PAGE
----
August 17, 2022

Global Water Crisis Prompts Action by Institutional Investors

Global Water Crisis Prompts Action by Institutional Investors

Global Water Crisis Prompting Action

NEWS PROVIDED BY Lauren Foster  August 17, 2022, 07:00 GMT

To elevate water risk as a financial risk, Ceres, an environment-focused shareholder advocacy organization, and a group of institutional investors on Tuesday launched the Valuing Water Finance Initiative to encourage the biggest corporate water users and polluters to act on their water stewardship.

“There is no business that survives without water. There’s also no humanity that survives without water. And right now, every industry across the globe is experiencing first hand the impacts of the growing water crisis, which is of course being compounded by the growing climate crisis,” said Mindy Lubber, CEO and president of Ceres.

The global group of 64 founding asset owners and asset managers represent $9.8trillion in assets under management and include California State Teachers’ Retirement System (Calstrs), California Public Employees’ Retirement System (Calpers), Fidelity International, and Franklin Templeton.

Kirsten James, senior program director for water at Ceres, said the investors that have joined the initiative “are poised to engage with portfolio companies around the corporate expectations for valuing water and help the private sector value and act on water as a financial risk and drive the necessary large-scale change to better protect water systems.” The initiative will focus first on engaging 72 companies from four industries—food, beverage, apparel, and high tech.

James said the list of companies was developed using a methodology that considered sectors with the greatest impact to water quality and security and also companies within those sectors that have a high water footprint. “Investors will be meeting companies where they are currently on their water journey. Some on the list are much further along than others,” she said. “Investors will look to better understand the companies’ challenges around water stewardship, and work together towards solutions.”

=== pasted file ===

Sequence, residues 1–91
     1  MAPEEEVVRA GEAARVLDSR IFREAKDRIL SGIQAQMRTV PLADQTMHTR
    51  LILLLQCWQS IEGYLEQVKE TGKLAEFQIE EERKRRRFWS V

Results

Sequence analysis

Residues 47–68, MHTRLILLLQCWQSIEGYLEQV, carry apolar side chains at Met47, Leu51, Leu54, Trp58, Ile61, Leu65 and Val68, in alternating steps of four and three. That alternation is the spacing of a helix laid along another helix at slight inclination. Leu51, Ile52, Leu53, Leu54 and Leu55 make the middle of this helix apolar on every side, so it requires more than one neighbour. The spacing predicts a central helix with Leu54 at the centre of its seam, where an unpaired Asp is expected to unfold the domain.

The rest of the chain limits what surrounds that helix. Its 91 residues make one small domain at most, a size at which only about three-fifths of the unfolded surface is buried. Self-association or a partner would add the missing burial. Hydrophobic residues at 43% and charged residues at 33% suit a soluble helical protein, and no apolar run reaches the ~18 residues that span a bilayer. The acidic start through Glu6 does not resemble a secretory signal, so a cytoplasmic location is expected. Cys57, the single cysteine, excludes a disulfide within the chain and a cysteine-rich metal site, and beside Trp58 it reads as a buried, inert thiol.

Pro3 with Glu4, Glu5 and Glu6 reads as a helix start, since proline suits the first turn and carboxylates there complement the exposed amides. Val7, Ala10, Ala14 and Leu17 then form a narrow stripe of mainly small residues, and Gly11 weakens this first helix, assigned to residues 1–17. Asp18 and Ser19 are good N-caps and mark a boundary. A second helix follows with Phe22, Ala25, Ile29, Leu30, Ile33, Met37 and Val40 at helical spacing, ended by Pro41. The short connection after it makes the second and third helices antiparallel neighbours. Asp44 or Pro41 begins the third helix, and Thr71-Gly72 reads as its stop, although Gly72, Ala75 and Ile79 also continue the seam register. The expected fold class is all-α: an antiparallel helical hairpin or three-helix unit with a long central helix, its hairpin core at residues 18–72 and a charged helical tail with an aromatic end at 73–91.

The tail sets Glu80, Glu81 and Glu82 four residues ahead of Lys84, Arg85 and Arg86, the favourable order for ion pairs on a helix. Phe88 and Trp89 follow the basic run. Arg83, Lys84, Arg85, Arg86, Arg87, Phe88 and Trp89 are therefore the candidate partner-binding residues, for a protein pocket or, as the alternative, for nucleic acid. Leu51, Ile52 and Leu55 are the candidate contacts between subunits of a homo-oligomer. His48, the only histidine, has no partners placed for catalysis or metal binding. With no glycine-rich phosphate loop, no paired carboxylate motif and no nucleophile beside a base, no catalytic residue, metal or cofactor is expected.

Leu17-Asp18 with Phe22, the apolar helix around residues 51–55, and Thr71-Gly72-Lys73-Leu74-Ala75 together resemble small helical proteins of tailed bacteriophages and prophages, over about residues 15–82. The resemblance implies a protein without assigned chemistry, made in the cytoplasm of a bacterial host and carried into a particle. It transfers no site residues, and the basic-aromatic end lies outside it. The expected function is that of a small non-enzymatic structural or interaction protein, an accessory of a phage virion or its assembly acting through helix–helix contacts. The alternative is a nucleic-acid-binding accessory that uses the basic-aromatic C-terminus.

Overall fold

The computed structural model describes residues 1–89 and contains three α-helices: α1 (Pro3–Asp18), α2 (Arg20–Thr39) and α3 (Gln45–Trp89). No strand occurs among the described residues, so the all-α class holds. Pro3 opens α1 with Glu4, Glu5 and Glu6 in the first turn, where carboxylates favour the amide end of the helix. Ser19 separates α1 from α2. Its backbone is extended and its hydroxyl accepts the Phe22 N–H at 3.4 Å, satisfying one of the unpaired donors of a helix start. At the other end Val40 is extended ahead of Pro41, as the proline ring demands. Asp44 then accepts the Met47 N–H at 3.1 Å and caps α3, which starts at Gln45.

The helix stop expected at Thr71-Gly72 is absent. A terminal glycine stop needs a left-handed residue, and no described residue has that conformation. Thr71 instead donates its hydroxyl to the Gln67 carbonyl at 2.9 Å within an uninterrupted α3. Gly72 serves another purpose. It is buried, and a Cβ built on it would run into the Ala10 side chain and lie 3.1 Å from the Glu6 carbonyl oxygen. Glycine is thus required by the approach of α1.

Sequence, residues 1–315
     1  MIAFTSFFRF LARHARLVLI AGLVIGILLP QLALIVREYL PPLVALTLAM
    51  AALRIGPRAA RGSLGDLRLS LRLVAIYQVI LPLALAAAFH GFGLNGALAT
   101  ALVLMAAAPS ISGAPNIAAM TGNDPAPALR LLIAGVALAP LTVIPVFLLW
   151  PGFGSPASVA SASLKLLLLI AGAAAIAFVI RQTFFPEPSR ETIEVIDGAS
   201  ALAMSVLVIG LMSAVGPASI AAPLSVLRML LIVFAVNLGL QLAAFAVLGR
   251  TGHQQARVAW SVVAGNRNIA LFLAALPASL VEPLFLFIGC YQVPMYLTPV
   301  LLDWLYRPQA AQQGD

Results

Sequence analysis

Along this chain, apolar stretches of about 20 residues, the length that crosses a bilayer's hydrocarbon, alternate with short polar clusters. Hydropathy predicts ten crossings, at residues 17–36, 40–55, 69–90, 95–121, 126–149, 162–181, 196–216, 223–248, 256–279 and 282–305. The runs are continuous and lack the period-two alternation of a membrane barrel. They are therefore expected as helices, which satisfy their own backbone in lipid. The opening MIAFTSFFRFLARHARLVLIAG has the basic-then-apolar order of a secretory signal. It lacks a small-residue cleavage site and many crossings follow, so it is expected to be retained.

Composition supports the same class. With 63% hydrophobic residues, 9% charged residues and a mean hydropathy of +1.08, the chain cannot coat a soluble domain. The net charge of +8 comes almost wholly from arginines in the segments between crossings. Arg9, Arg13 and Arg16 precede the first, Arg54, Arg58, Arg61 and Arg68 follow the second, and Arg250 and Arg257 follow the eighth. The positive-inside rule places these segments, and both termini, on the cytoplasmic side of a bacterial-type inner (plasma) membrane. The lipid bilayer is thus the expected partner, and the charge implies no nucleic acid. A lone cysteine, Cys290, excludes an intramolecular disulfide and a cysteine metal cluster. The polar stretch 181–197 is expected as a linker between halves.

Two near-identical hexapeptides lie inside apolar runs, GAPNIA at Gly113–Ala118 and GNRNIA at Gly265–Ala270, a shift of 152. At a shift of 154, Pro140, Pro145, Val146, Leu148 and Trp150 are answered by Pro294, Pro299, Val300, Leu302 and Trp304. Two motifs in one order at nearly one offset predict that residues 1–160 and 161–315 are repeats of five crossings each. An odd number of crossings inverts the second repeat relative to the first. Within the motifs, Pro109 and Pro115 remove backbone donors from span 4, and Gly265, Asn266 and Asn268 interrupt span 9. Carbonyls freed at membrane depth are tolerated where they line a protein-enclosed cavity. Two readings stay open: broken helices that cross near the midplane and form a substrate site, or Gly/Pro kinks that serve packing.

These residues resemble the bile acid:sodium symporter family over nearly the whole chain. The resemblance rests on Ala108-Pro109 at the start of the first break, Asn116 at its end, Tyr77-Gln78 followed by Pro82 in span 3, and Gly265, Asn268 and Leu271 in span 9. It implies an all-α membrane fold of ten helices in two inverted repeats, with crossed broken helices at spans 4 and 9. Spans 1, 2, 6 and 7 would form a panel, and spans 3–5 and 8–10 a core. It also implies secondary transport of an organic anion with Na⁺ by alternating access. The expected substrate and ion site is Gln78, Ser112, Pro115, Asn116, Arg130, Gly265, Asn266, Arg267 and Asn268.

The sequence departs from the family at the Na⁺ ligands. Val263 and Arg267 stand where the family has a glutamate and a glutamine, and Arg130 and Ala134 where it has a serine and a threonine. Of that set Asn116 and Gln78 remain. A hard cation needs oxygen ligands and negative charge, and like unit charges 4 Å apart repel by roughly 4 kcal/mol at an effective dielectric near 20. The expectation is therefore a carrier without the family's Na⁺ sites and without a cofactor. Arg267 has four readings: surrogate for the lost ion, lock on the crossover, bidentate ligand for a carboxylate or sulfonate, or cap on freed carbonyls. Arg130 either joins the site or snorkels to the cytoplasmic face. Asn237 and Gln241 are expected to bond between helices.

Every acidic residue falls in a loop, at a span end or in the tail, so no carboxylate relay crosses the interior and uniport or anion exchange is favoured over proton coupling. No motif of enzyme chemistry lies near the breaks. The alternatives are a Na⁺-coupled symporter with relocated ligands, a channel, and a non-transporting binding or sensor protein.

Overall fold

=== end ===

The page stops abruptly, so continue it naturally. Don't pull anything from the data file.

The initiative prioritizes six actions: water quantity; water quality; protection of the ecosystem; access to water and sanitation; board oversight; and public policy engagement.

“Water risk is a massive financial—and undisclosed–risk to investors, especially in highwater-use industries such as energy, agriculture, fast-moving consumer goods, and manufacturing,” said James Rees, Chief Impact Officer at Botanical Water Technologies. “Many boards have been focused on carbon reporting and missing an element that can directly impact business continuity and profit.”

Water risk is a rising concern for many companies in thirsty sectors, including the automotive manufacturing industry. Tesla (TSLA), the maker of electric vehicles, recently said that 63.7% of its independent shareholders voted in support of a water risk reduction proposal filed by shareholder advocacy nonprofit As You Sow.

The resolution asks Tesla to address water risk associated with climate change at its manufacturing plants and across its supply chains.

“Obtaining water resources is becoming increasingly contentious and fraught with risk due to drought, declining groundwater levels, and competing water demands,” said Danielle Fugere, president and chief counsel at As You Sow. “With this proposal, shareholders seek quantifiable information from Tesla about the unique risks associated with the water-constrained locations in which it operates.”

Tesla couldn’t immediately be reached for comment.

Read the original Barron's article here.

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